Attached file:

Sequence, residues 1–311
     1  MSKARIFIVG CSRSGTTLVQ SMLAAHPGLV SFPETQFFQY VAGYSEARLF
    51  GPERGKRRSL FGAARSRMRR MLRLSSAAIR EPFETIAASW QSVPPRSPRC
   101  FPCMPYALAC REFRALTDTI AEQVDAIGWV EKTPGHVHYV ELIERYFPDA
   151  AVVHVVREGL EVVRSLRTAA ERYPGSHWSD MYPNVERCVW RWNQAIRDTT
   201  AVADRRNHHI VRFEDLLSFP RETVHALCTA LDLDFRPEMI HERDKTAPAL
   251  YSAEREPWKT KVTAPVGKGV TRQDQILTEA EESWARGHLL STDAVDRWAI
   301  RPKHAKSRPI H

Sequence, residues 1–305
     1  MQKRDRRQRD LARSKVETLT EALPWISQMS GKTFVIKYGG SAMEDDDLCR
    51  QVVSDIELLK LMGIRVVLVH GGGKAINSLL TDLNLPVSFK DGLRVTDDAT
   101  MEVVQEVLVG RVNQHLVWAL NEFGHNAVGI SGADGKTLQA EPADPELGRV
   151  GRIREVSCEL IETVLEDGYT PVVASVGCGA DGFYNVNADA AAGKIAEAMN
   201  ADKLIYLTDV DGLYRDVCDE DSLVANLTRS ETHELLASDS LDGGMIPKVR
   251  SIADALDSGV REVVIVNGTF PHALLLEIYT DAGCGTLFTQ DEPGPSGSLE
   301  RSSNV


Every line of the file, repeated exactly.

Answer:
Sequence, residues 1–311
     1  MSKARIFIVG CSRSGTTLVQ SMLAAHPGLV SFPETQFFQY VAGYSEARLF
    51  GPERGKRRSL FGAARSRMRR MLRLSSAAIR EPFETIAASW QSVPPRSPRC
   101  FPCMPYALAC REFRALTDTI AEQVDAIGWV EKTPGHVHYV ELIERYFPDA
   151  AVVHVVREGL EVVRSLRTAA ERYPGSHWSD MYPNVERCVW RWNQAIRDTT
   201  AVADRRNHHI VRFEDLLSFP RETVHALCTA LDLDFRPEMI HERDKTAPAL
   251  YSAEREPWKT KVTAPVGKGV TRQDQILTEA EESWARGHLL STDAVDRWAI
   301  RPKHAKSRPI H

Sequence, residues 1–305
     1  MQKRDRRQRD LARSKVETLT EALPWISQMS GKTFVIKYGG SAMEDDDLCR
    51  QVVSDIELLK LMGIRVVLVH GGGKAINSLL TDLNLPVSFK DGLRVTDDAT
   101  MEVVQEVLVG RVNQHLVWAL NEFGHNAVGI SGADGKTLQA EPADPELGRV
   151  GRIREVSCEL IETVLEDGYT PVVASVGCGA DGFYNVNADA AAGKIAEAMN
   201  ADKLIYLTDV DGLYRDVCDE DSLVANLTRS ETHELLASDS LDGGMIPKVR
   251  SIADALDSGV REVVIVNGTF PHALLLEIYT DAGCGTLFTQ DEPGPSGSLE
   301  RSSNV